This Month’s Featured Article:
Creatine monohydrate and conjugated linoleic acids sustain muscle mass and reduce body fat in the elderly.
by Alfredo Franco, PhD
Sarcopenia: Derived from the Greek words, Sarx (flesh) and Penia (loss). Sarcopenia literally describes the loss of muscle that occurs with advanced age.
Sarcopenia-Related Loss of Muscle Mass
Skeletal muscle is our most abundant tissue, comprising nearly half of our entire body mass as young adults. In later life, however, our ability to regenerate injured muscle decreases significantly. Moreover, because skeletal muscle is such an essential storage site for many of the body’s most important metabolites, sarcopenia increases the susceptibility of the elderly to infection and reduces their resilience to trauma. As the fraction of the world’s population that is over 65 years of age steadily increases (in the United States estimated to double in only 25 years), combating sarcopenia takes on an even-greater urgency in the global clinical stage.
Sarcopenia arises from a combined consequence of an age-related decline in anabolic hormone levels (testosterone, growth hormone and the insulin-like growth factors), reduced levels of physical activity due to accumulated trauma, or disease, and a reduction in the effectiveness of central nervous communication with the peripheral musculature. At the biochemical level, sarcopenia is characterized by a decrease in the rate at which new proteins are synthesized, concomitant with an increased rate of protein degradation. In other words, the elderly usually destroy more proteins than they are able to produce, a clinical scenario that is even more devastating following injury, which requires a robust response of protein synthesis. This extent of this effect is compounded by evidence indicating a reduction in the effectiveness of muscle regeneration following injury, implicating insufficiencies in the aging muscle stem cell pool. Increased levels of proinflammatory cytokines and reactive oxygen species have also been correlated with the development of sarcopenia. Finally, metabolic deficiencies and a decreased capacity of the liver for detoxification have also been associated with the appearance of sarcopenia. Although all these factors will contribute to the development of sarcopenia, the characteristic age-related decline in anabolic hormone levels is the most decisive in determining the time course of its appearance. Generally, the rate of overall muscle loss is between 1% and 2% per year after the fifth decade of life.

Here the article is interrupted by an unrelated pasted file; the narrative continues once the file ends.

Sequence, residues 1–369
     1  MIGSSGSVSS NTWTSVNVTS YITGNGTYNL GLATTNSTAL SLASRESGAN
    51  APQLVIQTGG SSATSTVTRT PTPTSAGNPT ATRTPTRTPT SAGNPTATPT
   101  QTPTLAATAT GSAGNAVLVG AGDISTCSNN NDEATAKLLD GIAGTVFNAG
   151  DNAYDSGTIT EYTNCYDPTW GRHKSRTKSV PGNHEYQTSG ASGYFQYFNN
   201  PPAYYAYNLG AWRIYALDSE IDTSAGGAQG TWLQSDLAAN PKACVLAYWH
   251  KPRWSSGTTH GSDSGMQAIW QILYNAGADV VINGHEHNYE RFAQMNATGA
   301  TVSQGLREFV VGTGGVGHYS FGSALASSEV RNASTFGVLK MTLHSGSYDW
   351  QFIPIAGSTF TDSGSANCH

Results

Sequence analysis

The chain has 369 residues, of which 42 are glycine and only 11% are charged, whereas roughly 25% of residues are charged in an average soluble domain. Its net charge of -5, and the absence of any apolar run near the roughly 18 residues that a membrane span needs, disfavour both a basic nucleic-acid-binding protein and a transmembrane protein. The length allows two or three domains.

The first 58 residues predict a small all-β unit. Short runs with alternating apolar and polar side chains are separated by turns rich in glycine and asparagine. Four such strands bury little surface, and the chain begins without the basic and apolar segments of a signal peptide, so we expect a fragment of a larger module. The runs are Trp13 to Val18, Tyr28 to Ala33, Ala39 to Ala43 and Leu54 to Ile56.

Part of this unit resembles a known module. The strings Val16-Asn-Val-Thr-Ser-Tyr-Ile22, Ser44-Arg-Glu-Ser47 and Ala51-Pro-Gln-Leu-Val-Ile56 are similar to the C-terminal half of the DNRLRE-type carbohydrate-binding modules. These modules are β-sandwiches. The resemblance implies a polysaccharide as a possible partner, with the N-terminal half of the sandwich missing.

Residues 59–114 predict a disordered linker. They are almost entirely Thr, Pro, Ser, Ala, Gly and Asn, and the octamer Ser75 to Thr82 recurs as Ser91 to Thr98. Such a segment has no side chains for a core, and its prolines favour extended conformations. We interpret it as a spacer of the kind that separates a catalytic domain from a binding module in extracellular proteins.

Sarcopenia specifically depletes our fast muscle fiber pool. Fast muscle fibers are also those that respond most robustly to creatine supplementation. By inference therefore, creatine supplementation, by supporting the survival of fast muscle fibers, should help counteract some of the degenerative effects of sarcopenia.
Please refer to our page discussing the positive influence that creatine supplementation might play in maintaining youthful anabolic hormone levels into advanced age.
Also visit our Creatine and the Elderly page.
Sarcopenia-Related Increase of Body Fat
Sarcopenia also has a tendency to increase the size of our extramuscular fat reserves. In other words, fat often appears in regions of lost muscle in later stages of sarcopenia.
Obesity is associated with increased levels of markers for inflammation. These same markers are also detected in response to prolonged inactivity as well as in the elderly. This relationship between obesity and sarcopenia appears to be more causative than casual. Specifically, obesity feeds-forward the development of sarcopenia in two ways: 1) fat is a major source of proinflammatory cytokines, such as TNF-alpha and; 2) obese individuals are generally less active, which accelerates the onset of sarcopenia. Importantly, TNF-alpha counteracts the anabolic effects of IGF-1, one of our most important myogenic growth factors. These apparently separate processes are intertwined, however, as physical activity stimulates IGF-1 production, albeit to a reduced degree in the elderly. The result is that IGF-1 levels decrease with advanced age.
Again, IGF-1 is one of our most essential pro-anabolic, anti-catabolic, growth factors and circulating levels of IGF-1 decrease with age – largely contributing to sarcopenia. Interestingly, creatine supplementation activates many of the same biochemical pathways that IGF-1 does in order to promote protein synthesis and slow protein degradation. This important attribute of creatine supplementation will be the topic of a subsequent issue of the Creatine Newsletter.
Read about the potential for creatine supplementation to sustain IGF-1 expression levels into later life and hence, slow the progression of sarcopenia.
Conjugated Linoleic Acids Reduce Body Fat